Treading softly around maternity leave

Maternity leave must be handled as gently as a newborn baby.

May 28th, 2014
Pregnant At Work

Attention dental office managers: LOAs must be handled as gently as a newborn baby.

Nearly all doctors and their office managers eventually have an employee who is pregnant and needs to take a maternity leave of absence (LOA). Scheduling this leave can prompt special concern at busy, small- to medium-sized practices, where staffing is like assembling a jigsaw puzzle while juggling. How much time should be allowed? Is this paid or unpaid leave? What if an employee is unclear about returning to work? What if, heaven forbid, a pregnant employee is also one of your problem employees?

As with any topic involving the risk of discrimination claims, maternity leave must be handled as carefully as a newborn baby. Pregnancy discrimination is a top area of EEOC enforcement, and the employee almost always wins. Legally speaking, when an employee asks for maternity leave, management must keep the following in mind:

1. You CANNOT ask a pregnant employee for a doctor’s note certifying that it’s OK for her to continue working.

2. You CAN require certification of the need for leave.

3. You CAN require certification that the employee is OK to return to her duties after the LOA.

4. You should NEVER force a pregnant employee to take time off, nor assume she wants to reduce her hours, even if you have the best intentions. The choice must be hers.

5. Finally, NEVER assume that a pregnant employee intends to leave the practice, whether or not she’s requested time off.

What about the leave itself, though? What length of time is reasonable or required?

Federal law doesn’t require employers with 50 or fewer employees to specifically grant Maternity LOA, but almost every state requires that you treat pregnancy like any temporary medical disability, and some states have stricter rules. Many small practices allow six weeks, but it’s important to verify with an HR expert or employment law attorney that this is OK. Employers with 50+ employees must grant the full 12 weeks required by FMLA.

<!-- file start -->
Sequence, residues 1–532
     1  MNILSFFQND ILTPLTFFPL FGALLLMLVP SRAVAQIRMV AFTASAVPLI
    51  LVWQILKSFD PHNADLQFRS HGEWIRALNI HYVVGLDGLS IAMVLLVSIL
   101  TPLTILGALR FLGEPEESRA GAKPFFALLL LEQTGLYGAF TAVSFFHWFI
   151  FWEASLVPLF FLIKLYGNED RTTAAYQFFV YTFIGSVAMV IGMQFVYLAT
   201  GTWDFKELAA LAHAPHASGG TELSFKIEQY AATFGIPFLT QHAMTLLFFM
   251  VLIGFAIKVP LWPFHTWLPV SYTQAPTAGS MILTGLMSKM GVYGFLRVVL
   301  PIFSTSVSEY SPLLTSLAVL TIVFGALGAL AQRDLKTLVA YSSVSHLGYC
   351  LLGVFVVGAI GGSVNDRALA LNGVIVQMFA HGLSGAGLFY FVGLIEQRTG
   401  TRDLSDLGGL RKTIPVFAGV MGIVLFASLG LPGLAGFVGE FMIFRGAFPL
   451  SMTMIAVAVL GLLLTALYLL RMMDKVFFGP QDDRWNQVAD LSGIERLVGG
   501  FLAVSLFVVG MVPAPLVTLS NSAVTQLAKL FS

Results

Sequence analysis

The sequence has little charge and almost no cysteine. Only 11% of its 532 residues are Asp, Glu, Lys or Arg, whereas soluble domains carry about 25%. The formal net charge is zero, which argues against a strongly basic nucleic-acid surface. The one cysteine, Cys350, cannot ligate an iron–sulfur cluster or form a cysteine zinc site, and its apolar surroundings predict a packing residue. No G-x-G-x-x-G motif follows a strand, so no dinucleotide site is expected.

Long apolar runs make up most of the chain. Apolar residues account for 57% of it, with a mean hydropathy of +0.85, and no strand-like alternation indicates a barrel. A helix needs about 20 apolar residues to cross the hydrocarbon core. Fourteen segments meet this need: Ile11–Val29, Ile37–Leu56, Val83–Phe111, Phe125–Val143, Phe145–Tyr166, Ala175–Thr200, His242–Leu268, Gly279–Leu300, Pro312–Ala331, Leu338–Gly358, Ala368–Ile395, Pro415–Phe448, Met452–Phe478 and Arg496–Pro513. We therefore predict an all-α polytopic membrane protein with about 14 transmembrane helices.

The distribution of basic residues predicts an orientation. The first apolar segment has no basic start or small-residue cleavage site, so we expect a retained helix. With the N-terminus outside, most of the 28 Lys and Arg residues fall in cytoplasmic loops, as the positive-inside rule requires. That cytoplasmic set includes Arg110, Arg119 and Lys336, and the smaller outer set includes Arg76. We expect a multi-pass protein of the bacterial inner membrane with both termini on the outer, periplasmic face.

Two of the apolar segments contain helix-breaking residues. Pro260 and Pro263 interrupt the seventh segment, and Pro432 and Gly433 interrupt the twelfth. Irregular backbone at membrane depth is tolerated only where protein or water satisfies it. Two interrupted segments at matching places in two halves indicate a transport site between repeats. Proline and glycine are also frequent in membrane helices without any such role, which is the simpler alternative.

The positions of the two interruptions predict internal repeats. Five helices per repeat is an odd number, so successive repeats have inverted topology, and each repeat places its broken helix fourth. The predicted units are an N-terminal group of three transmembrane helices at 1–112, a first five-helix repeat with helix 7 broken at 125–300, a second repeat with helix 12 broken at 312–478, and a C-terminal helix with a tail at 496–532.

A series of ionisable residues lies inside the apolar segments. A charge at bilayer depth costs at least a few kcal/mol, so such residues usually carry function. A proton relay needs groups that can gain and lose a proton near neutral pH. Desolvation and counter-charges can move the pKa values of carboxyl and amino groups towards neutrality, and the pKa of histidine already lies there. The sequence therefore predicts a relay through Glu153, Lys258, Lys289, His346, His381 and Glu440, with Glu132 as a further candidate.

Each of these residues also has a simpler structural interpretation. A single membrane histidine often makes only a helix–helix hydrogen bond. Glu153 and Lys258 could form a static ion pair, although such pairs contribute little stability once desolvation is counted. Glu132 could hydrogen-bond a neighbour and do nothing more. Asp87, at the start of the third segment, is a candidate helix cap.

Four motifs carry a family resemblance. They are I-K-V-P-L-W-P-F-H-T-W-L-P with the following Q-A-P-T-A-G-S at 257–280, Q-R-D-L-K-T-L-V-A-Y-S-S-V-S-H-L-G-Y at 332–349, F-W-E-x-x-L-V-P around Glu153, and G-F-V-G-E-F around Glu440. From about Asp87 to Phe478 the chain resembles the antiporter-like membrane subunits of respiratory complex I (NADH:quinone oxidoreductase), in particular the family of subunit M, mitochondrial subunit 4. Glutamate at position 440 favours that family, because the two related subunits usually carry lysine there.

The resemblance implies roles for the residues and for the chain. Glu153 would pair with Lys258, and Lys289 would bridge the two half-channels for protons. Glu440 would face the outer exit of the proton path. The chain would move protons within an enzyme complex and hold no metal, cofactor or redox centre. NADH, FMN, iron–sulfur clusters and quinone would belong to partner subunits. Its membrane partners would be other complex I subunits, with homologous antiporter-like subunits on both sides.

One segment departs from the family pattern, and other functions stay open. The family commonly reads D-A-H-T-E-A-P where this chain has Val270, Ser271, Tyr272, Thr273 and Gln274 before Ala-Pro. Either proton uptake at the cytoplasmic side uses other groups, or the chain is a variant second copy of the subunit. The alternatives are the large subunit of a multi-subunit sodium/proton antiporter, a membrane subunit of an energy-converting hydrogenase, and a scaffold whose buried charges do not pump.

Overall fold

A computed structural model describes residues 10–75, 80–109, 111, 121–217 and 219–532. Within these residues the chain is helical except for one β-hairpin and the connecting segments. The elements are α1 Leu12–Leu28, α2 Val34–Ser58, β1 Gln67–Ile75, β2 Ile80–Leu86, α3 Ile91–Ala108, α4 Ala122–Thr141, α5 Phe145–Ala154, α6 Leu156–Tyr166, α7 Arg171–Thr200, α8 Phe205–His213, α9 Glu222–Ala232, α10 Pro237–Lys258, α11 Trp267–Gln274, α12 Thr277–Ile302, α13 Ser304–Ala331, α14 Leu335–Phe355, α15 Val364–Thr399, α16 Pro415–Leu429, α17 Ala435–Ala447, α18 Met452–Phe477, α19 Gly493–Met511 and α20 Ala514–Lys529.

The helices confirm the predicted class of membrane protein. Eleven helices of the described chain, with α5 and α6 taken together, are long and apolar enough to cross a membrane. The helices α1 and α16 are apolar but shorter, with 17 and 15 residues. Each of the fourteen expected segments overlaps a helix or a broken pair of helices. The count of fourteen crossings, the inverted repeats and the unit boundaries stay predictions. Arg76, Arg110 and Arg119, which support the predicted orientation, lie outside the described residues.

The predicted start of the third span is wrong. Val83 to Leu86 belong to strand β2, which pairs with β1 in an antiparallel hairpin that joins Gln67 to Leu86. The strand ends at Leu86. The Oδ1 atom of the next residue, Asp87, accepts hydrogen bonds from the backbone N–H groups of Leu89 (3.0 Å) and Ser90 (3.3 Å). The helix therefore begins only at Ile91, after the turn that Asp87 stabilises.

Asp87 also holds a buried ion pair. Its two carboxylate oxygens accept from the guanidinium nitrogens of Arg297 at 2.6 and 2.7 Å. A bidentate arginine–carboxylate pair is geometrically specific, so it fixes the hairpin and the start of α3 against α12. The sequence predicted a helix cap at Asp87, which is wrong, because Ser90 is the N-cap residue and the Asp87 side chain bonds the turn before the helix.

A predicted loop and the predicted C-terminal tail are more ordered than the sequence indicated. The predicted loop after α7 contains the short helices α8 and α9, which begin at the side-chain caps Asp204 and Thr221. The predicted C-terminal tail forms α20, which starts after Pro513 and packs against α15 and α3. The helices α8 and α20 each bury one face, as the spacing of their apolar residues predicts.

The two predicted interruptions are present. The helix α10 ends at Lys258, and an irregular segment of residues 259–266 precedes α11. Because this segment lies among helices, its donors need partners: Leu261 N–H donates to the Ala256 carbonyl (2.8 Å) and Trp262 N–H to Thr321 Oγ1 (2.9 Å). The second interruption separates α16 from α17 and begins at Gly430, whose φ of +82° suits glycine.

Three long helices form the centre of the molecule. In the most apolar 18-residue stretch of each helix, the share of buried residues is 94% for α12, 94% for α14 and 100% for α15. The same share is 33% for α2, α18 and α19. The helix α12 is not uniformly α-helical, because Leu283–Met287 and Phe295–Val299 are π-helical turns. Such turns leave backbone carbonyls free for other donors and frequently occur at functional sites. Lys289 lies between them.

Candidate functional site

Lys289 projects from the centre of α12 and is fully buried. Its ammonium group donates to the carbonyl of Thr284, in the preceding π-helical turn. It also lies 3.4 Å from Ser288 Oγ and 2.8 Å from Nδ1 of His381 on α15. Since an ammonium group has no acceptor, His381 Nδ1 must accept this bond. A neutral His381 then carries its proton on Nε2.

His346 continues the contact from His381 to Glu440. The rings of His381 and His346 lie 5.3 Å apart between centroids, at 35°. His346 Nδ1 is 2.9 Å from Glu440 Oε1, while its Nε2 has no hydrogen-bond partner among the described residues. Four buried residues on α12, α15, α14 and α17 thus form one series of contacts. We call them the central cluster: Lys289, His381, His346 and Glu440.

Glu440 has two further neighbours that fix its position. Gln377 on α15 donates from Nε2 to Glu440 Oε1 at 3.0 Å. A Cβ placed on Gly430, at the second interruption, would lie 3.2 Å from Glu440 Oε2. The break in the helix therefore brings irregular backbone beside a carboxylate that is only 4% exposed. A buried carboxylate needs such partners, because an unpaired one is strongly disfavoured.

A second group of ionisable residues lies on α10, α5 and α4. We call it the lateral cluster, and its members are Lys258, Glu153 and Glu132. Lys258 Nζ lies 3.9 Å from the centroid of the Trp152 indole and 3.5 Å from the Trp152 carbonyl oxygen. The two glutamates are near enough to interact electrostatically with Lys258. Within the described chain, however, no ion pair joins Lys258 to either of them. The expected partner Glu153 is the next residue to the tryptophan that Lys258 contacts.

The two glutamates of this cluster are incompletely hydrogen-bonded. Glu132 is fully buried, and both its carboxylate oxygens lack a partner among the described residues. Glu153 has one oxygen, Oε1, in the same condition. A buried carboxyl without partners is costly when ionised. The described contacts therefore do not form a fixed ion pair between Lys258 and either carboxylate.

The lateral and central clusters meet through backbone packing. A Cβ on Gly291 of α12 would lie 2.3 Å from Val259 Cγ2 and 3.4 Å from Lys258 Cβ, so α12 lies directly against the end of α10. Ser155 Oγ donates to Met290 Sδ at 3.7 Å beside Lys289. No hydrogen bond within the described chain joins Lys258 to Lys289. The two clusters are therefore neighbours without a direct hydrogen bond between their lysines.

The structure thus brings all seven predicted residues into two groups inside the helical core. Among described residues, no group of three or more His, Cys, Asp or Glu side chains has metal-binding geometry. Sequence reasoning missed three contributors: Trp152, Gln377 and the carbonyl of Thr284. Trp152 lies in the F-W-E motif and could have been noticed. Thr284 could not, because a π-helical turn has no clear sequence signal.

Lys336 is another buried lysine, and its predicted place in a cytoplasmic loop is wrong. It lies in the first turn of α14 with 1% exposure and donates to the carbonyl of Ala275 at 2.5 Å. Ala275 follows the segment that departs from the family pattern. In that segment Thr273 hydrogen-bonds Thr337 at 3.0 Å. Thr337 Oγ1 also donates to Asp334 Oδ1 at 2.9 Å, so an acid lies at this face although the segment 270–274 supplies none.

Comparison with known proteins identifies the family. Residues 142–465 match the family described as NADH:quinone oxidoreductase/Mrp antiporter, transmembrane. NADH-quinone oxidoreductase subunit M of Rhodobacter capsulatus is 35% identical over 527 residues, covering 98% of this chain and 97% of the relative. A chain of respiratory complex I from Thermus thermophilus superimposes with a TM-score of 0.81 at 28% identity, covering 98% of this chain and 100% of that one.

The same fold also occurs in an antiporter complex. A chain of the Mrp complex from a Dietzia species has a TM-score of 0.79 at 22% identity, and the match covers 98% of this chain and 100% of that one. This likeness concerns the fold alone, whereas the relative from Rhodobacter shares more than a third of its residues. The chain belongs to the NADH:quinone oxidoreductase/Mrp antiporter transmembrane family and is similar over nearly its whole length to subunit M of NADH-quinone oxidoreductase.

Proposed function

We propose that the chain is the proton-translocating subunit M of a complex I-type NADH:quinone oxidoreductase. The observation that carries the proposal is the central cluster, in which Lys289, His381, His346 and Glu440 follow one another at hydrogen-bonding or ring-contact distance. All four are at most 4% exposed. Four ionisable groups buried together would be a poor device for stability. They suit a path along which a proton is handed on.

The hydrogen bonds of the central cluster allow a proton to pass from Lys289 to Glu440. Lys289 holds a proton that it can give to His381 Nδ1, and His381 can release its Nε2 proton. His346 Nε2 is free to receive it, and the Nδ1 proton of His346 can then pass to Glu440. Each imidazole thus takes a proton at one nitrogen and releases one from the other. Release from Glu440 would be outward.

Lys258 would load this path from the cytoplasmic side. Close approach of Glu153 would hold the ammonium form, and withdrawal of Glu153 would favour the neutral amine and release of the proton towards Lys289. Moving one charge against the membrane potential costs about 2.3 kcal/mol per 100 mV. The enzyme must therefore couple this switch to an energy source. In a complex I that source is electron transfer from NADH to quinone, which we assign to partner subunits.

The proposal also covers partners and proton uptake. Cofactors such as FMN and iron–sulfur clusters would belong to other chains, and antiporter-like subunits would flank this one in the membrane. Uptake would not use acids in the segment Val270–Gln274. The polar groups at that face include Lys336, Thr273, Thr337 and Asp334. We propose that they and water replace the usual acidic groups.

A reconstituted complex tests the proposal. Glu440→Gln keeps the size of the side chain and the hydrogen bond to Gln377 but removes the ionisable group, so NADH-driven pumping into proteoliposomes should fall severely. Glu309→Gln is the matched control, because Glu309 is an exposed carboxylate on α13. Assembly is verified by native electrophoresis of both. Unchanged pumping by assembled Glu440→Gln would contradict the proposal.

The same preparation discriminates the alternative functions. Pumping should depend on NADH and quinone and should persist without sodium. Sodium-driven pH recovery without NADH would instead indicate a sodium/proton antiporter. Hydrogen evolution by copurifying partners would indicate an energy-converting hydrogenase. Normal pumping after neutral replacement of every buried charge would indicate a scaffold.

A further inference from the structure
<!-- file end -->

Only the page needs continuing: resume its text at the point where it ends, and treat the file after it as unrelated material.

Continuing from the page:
Whatever the length of the leave, your office manual must clearly describe your LOA policies. Include how employees should request leave, and indicate that it is their responsibility to let you know what date they plan to return. Address what happens if the employee fails to return when planned, and under what conditions an extension may be requested. Include what happens if the company downsizes, and discuss benefits and bonuses while the employee is on leave. Remember, this is not an exhaustive list of what your policy must include – you really do need to consult an expert.

What if an employee doesn’t specify her plans after the LOA?

Having the right policies in place means that both you and the employee are better supported in your interactions. It is now her responsibility to keep you informed of her plans, so if she didn’t provide all information you need, ask for it: “Sally, the other day you indicated that you wanted to take six weeks off during your pregnancy, but you didn’t mention your plans as far as coming back to work. What are your plans?”

In this way, you can verify that the pregnant employee is asking for accommodations within the scope of your policy, address the issue if not, and determine when she expects to return to work. Document your interactions, and make sure she knows she must keep you up to date if anything changes. In many circumstances, this is sufficient to ensure a smooth LOA and return.